The Woodward News

December 2, 2012

Real trees offer many benefits

Gary Engel
Woodward News

Woodward, Okla. — Did you know that a typical Oklahoma-grown Christmas tree removes a ton of carbon dioxide from the air during its lifetime?

According to the Oklahoma Forestry Services that is just one of many benefits of choosing to use a live evergreen for your Christmas tree.

The following are additional benefits of having a real tree, according to Forestry Services:

- They can be recycled into mulch to use in landscaping and gardening, or chipped for use in playground material, on hiking trails, and for paths and walkways.

- Two or three seedlings are planted in the place of every tree harvested.

- There are approximately 150 acres in production for growing Christmas trees in Oklahoma, and the Oklahoma Department of Agriculture, Food and Forestry said each acre provides daily oxygen requirements for 18 persons.

State Forester George Geissler said that real Christmas trees can even continue to benefit the environment even after they've been cut and the holiday season is over.

Geissler says whole trees can be sunk in a lake or pond to improve the fishing habitat, or placed in a backyard to be decorated with peanut butter or bird seed pine cones to attract feathered residents.

Along with the environmental benefits of a real tree, Geissler said he also recommends real Christmas trees because of the economic benefits it provides to Oklahoma growers, something which artificial trees can't provide.

According to ODAFF, some 85 percent of the artificial trees are imported from China.

There are some 20 Christmas tree farms across Oklahoma where residents can choose and cut their own trees for the holiday season, Geissler said.

Last year, those 20 Oklahoma Christmas tree farms sold about 7,000 trees, valued at $40 to $50 each, he said.  This meant some $300,000 to $400,000 being pumped back into the economy across the state in 2011.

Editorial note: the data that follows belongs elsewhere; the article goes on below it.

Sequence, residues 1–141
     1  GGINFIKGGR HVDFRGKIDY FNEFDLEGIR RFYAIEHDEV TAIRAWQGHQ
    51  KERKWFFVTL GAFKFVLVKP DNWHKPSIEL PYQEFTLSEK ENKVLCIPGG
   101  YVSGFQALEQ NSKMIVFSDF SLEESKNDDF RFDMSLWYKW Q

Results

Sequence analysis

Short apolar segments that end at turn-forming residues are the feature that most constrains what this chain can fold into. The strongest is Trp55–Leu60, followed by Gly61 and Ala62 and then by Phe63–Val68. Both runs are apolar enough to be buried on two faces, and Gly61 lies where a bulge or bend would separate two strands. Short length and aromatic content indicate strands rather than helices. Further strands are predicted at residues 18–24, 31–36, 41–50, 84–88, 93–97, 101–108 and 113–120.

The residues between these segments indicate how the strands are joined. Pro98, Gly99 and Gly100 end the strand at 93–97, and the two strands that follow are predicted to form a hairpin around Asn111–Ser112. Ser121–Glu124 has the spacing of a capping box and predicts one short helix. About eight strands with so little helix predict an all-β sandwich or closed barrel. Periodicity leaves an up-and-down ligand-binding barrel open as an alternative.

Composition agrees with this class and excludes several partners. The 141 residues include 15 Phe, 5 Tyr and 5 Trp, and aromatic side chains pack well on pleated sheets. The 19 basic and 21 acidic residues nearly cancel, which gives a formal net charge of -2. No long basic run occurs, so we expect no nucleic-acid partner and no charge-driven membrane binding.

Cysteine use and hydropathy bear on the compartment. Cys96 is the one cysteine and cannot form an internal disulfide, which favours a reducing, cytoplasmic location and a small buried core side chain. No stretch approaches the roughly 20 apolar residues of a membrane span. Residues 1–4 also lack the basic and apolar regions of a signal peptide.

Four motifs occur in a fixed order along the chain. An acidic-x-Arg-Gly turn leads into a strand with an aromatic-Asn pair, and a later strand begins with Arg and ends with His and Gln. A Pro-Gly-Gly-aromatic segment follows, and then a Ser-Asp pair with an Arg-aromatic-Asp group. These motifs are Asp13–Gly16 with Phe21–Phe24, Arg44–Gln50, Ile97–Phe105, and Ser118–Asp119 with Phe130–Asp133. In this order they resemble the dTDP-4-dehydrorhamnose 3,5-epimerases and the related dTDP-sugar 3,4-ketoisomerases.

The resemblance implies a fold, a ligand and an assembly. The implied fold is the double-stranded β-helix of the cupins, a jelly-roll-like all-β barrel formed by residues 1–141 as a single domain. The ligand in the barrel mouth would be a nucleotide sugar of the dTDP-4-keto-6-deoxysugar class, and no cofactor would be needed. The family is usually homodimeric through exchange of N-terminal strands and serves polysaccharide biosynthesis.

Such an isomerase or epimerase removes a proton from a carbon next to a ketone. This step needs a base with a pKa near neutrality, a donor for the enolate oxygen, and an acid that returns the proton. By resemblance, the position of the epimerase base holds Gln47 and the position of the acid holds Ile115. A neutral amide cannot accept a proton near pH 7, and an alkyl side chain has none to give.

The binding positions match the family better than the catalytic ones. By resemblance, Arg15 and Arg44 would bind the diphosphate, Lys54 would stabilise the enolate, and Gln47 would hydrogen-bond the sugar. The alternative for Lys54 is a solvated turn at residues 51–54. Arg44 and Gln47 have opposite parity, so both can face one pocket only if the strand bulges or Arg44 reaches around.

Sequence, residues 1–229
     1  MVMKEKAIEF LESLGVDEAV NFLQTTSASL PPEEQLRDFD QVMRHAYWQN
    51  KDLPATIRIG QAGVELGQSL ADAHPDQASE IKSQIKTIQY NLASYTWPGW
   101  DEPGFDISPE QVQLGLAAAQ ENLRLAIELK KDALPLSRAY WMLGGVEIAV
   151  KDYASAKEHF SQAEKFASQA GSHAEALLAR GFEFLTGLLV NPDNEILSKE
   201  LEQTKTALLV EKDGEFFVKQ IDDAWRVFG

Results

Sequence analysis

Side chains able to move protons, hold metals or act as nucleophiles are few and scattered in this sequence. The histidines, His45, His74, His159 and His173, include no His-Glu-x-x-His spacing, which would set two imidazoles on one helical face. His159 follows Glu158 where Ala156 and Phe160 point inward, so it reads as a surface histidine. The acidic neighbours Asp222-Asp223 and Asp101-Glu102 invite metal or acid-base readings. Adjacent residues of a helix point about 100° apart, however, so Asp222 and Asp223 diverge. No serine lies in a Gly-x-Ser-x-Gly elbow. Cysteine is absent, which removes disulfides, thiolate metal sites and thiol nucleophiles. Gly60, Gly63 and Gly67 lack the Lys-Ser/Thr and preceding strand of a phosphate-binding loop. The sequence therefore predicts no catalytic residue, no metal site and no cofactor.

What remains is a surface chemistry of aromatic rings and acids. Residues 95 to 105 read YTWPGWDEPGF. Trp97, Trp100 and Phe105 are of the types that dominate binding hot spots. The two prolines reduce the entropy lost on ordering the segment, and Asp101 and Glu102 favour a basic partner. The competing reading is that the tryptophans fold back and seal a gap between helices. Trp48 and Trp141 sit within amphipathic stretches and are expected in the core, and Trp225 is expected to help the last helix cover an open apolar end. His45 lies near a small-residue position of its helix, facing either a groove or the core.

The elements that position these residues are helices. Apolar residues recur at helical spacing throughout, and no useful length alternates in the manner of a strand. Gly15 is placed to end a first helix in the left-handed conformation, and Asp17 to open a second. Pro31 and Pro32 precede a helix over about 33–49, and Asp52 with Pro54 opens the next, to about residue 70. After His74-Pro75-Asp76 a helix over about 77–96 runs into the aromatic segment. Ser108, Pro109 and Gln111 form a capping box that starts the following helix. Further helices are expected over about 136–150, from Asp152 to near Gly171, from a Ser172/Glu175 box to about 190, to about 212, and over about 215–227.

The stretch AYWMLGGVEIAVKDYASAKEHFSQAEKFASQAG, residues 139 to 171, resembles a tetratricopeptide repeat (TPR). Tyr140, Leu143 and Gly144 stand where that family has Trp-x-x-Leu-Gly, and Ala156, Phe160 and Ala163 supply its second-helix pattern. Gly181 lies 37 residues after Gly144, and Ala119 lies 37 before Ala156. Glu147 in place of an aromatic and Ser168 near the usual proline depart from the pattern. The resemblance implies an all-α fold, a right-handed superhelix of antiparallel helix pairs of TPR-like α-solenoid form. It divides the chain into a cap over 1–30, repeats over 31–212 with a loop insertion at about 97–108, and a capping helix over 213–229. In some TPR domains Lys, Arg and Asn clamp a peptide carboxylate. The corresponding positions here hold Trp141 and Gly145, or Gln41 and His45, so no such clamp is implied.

The state forester said that real trees can be just as easy to care for as artificial trees, they just need the right amount of water.

He said it is best to place the tree in water as soon as possible and be sure the water in the tree stand is adequate to cover the tree's base.

If it's been 3 or more hours since the original cut, he said to trim an additional half-inch off the base of the tree trunk so that it can absorb the water better.

In addition,

"Check the water in the stand often, at least once a day," Geissler said. "A fresh tree might use up to a gallon in a day."

And just like with artificial trees, certain safety precautions must be taken to avoid a Christmas tree fire.

"Be careful with lights," Geissler said. "Use lights, like mini-lights, that produce smaller amounts of heat. And if you're looking at installing a set that's maybe a few years old, check for worn sections and replace them if you find them."

Also be sure to keep trees away from heat sources such as fireplaces, heating vents and space heaters, he said.

Geissler reminded Oklahoma tree buyers that additional care information may be found at


Many of the farms are located in the immediate Oklahoma City and Tulsa areas. However, there is a Christmas tree farm near Kingfisher and another close to Ponca City.

Scott and Kerryann Dallas have Frontier Farm in the Kingfisher vicinity, which may be contacted at (405) 368-8733 or to find out more.

Kelly and Tamara Chaney grow Christmas trees near Ponca City. Contact them at (580) 765-9441 or to get more details.

Geissler said the state locations are also good for retailers who would like to sell Oklahoma trees.

The state forester said many of the farms offer trees with roots that are balled in soil, so people can plant them in their yards and have a living Christmas tree year after year.

To learn where all the Oklahoma Christmas tree farms are located, and get more information. Geissler said to check, or the state Christmas Tree Association at Both websites have maps to the farms.

He said the websites also have care tips for your Christmas tree.